I find a lot of this very interesting. In a way it all seems like another religion to me. Of course I think it's inherently much less damaging (if it is at all) than most other organised religions/belief systems, and more specifically the destructive, dogmatic religions (Christianity, Islam, Judaism). Having said this, it certainly has a lot of similarities, and the way in which the ideas are presented does not help them in that respect. Several of the sources I've seen share many similarities with religious propaganda, and others are simply presented in a way which make these ideas seems very desirable. Which is ironic, since the loss of desire is heavily related to most of these belief systems. The idea that 'you shouldn't change anything after hearing this - things will change themselves', 'you shouldn't adopt these practises because you feel you ought', that 'you shouldn't believe what I'm saying - look into it yourself', etcetc crop up fairly frequently, but I feel these ideas are juxtaposed with the method of presentation.

Again, Ram Dass is a good example. The first half of his talk 'Be Here Now' is a very entertaining account of his journey to India, and he himself is funny, likable and seems genuine. The second half reminded me of Zeitgeist (which should be seen if only to see just how poorly made, badly written and downright brainwashy an 'informational' film can be); airy pseudo-science brushing over huge revelations about the way he claims the universe works. Or maintaining that you should just carry on living your life, it's of no consequence whether you adopt these beliefs, if you're 'meant' to practice them it will happen anyway - whilst simultaneously making them seem very desirable indeed; mentioning sexual pleasure, unimaginable happiness, utter truth.

Alf, the Norwegian, came to his defense somewhat, mentioning the intended audience when it came to the 'dumbing down' of the sciencey parts, and his large following requesting words of wisdom, which explains why he held the talks in the first place. Still, I found the discrepancies interesting.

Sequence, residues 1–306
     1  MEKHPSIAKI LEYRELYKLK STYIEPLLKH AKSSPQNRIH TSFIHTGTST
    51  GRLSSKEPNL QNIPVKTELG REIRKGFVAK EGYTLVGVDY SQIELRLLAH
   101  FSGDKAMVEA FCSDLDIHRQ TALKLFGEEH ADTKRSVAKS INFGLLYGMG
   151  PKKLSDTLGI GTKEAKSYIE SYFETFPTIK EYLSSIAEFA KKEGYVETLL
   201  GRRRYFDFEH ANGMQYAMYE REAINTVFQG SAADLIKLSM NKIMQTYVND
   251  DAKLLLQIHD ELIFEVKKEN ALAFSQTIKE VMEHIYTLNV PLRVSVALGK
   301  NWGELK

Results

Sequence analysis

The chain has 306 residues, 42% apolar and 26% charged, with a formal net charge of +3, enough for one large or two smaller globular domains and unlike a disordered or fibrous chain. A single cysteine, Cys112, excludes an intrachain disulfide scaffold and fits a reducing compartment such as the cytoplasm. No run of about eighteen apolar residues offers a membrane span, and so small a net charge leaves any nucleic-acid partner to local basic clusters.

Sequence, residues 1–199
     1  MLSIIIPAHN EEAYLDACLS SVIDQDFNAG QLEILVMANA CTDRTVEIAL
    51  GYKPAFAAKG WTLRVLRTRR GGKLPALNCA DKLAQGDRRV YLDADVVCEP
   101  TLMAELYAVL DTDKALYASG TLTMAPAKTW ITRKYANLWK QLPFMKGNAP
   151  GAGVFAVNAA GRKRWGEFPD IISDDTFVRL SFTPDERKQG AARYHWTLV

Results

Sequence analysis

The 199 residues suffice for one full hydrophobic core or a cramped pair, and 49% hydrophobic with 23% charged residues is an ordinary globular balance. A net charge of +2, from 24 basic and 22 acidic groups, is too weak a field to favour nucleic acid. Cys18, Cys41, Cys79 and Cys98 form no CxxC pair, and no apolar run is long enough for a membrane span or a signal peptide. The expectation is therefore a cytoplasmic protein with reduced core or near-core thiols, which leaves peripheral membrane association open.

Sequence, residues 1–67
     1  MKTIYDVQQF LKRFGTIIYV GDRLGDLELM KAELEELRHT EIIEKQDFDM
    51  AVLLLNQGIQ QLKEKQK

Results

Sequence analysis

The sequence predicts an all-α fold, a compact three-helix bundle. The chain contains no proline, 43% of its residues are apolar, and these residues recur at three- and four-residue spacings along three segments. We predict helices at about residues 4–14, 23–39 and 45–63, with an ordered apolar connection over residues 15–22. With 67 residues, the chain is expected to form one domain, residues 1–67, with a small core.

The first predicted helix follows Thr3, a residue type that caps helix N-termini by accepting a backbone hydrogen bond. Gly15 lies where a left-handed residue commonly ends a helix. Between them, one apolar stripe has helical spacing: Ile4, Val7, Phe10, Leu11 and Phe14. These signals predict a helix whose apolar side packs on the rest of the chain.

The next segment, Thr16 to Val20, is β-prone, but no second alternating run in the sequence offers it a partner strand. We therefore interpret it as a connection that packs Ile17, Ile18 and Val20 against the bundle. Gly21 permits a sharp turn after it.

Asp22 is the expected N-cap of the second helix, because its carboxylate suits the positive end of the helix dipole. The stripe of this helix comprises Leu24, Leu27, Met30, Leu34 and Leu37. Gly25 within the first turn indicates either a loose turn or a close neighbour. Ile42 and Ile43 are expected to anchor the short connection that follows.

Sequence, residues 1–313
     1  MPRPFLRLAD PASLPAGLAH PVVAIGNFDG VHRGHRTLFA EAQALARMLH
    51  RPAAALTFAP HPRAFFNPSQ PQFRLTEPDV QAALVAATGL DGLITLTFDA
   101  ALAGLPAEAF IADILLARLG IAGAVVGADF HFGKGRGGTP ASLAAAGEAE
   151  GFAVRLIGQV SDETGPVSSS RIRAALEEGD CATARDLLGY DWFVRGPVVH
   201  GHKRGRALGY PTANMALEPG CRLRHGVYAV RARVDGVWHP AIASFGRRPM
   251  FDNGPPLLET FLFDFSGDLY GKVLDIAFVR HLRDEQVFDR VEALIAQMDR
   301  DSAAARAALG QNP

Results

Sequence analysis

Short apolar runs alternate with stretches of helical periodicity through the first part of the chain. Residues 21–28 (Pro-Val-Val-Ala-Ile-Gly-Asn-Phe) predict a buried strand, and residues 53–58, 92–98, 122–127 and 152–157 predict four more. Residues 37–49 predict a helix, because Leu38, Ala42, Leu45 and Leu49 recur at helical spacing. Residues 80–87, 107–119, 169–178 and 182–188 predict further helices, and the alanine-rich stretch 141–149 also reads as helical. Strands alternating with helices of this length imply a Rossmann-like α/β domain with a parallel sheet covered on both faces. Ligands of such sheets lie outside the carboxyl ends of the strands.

One difficulty for me is that so many of the terms used are heavily loaded. Spirituality, energy, life force, whatever - to the average westerner they sound, well, like new-age hippie-freak talk. It makes it difficult for people to make intelligent, reasoned claims without sounding all ethereal and crazy. Things like the Zeitgeist film are the reason - there's all awful lot of bollocks out there that attaches itself to these ideas, contaminating them and making it hard to wade through the gibberish. It can leave a bitter taste in my mouth however well written and presented it is, which is a shame because most belief systems have something to offer; advice or observation, even just a representation of human psychology and behaviour on a grand scale. Another problem is that these ideas tend to get lumped together - as I have done here. I'm sure there are many followers of Jungian psychology who would read this and despair that his theory of collective consciousness would be mentioned in the same sphere of belief as chakras and universal energy.

The basic problem I have with the whole thing is this: I can't accept the claims made (Ram dass' guru could apparently tell the future, knew everything, there are people that people claim to never eat or drink; living off prana, etcetc) without some kind of reason to believe in them. Proof, I suppose, or plausible scientific explanations. Having said that, I honestly believe that there are people who honestly believe this stuff. And fine, there will always be an exploitative contingent in any belief system (especially one so undefined and manipulable) but if there are intelligent people who really do believe in these things... well, why do they?